I started my new position as the Accessibility Resources Coordinator at the UUA on March 6, and I get to work for the LGBTQ and Multicultural Programs Team, under the direction of the Rev. Michael Crumpler. As a queer, gender fluid, human rights activist, I was interested in heading to our state capitol in Jefferson City when I heard there was going to be a rally there to protect trans kids. As a blind person, I knew that wasn’t going to be as easy as hopping in my car and driving the 40 minutes from my home in Columbia to the statehouse. It’s important to me to go to rallies, marches, and actions whenever I can, but there’s always the complication of needing to find a ride and a guide, if it’s not an event I’ve helped organize. Being super involved at my congregation, the Unitarian Universalist Church of Columbia, I know our minister well, and thought she might have plans to go to the capitol for this opportunity to advocate for human rights. The Rev. Molly Houshe Gordon was indeed going, and was more than happy to let me hitch a ride and hang by her side at the rally. On the ride down, we spoke together about how angry we were about these attacks by the Missouri legislature, and the need for this rally.
Here in Missouri, we’re no strangers to attacks on the LGBTQ population, but during the 2023 legislative session, they’ve increased in violence. “A total of 34 bills that specifically attack the community are being tracked by both PROMO and the ACLU of Missouri. Almost half of those directly target transgender Missourians either by revoking access to medically necessary, lifesaving, gender-affirming healthcare or banning kids as young as kindergartners from playing team sports” (PROMO).
Molly, her spouse James, and I joined a host of over 700 advocates from all regions of our state. Winding our way through the crowd on the large plaza abutting the capitol steps, I gently held Molly’s right arm above the elbow, as she acted as my sighted-guide. I listened to laughter, shouts, and crying—the energy was beyond palpable. We eventually found our colleagues from Missouri Faith Voices, and our fellow UU’s from St. Louis’s congregations, just before the event officially began.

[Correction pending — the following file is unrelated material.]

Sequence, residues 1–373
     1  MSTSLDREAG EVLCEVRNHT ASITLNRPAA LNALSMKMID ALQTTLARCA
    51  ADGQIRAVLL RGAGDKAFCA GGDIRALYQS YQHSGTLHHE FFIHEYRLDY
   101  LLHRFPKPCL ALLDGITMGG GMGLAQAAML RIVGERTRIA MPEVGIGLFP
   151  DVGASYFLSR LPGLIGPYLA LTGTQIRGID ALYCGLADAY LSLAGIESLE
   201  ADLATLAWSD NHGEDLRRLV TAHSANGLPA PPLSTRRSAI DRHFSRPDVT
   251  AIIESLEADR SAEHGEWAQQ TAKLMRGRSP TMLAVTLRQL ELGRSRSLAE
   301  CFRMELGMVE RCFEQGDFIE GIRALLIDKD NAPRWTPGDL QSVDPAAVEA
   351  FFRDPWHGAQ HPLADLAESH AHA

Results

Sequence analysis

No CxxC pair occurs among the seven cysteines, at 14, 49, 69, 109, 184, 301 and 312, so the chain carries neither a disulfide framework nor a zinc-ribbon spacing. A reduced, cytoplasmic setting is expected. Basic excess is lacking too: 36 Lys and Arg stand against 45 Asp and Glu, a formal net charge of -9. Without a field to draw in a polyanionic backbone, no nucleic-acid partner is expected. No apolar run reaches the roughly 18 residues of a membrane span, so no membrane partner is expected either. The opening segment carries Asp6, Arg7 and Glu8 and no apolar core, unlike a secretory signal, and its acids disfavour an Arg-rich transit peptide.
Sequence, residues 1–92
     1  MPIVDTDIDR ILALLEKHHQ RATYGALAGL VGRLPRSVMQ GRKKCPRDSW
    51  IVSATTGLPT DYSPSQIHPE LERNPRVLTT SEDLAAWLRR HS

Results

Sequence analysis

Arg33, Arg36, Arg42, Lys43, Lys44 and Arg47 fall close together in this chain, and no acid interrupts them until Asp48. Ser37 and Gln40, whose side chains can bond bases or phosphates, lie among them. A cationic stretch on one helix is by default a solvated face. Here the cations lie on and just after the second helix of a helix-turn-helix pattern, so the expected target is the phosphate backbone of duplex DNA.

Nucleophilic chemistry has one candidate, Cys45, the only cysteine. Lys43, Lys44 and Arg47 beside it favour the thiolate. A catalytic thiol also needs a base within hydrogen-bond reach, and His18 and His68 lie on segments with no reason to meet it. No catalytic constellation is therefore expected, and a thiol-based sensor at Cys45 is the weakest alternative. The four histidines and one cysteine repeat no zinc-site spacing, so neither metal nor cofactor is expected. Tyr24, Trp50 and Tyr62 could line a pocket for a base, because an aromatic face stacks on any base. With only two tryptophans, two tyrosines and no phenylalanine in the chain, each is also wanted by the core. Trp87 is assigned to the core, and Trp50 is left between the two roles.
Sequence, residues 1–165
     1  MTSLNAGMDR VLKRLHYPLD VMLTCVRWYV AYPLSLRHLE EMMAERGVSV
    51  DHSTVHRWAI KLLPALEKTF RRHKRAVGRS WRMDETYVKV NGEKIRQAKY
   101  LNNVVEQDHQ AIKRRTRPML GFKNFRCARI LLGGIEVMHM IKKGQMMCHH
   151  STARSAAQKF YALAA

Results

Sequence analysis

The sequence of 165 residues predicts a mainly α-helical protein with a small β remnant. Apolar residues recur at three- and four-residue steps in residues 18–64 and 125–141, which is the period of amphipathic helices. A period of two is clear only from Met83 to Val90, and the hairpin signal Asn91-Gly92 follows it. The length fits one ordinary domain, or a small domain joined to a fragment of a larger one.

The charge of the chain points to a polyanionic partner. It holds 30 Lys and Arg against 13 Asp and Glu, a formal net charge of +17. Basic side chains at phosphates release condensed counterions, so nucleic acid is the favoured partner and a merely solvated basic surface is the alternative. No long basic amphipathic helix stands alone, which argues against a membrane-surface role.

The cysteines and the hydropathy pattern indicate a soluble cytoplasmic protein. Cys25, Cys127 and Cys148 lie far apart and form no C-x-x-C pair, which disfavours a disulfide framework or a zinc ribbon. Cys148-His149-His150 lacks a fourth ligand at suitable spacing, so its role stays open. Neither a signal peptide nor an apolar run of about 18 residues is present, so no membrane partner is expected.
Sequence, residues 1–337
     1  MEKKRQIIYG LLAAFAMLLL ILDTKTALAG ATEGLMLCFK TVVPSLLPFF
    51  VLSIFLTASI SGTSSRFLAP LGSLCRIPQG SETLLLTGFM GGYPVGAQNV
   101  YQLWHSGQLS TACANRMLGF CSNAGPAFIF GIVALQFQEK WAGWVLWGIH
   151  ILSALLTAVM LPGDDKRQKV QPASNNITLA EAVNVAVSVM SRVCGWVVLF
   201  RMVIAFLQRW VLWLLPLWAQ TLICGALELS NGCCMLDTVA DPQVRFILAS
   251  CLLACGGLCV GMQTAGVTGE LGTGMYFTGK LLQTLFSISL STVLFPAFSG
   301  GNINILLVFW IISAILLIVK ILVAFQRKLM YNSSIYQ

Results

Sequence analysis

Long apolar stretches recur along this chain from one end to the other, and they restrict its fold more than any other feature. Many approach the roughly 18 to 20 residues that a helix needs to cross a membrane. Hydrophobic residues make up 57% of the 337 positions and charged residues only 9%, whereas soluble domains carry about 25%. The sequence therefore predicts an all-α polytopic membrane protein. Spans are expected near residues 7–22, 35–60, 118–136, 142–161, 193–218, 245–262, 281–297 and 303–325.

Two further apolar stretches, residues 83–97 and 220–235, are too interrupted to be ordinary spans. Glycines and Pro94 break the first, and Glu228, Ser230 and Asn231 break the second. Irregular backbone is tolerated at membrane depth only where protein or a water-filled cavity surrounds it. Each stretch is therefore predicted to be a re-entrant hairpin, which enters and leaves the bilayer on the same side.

The rally’s speakers were representative of a variety of genders, ages, and backgrounds. I got to hear Shawn Stokes, dressed as drag queen Akasha Royale, rouse the already excited crowd, as Molly provided me a description of their fabulous attire. A little while later, I, and many around me, were moved to tears while listening to the words of transgender minor Ella Mauzey, who took the stage to describe the persecution and fear being faced by trans youth in Missouri. Two of our democratic lawmakers trying to fight that persecution by the conservative majority also took the stage. They reminded us to contact our legislators as we are able, and that they would keep fighting as long as it was needed.
On our way back to the car, we stopped at PROMO’s table to purchase shirts and stickers affirming trans lives. While my minister drove us home, I could tell I wasn’t the only one who was energized from the rally as I sat in the passenger seat, holding my souvenirs. I found myself turned in my seat, talking with Molly and James about transgender justice in our community, and upcoming elections. Even though my blindness and anxiety disorder make them an extra-chaotic experience at times, since beginning to participate in rallies, direct actions, and marches over 10 years ago, I’ve kept going because of that renewed sense of strength and purpose that fills my veins when I connect with fellow activists who, like me, know we can change the world.
PROMO. Protest for Trans Rights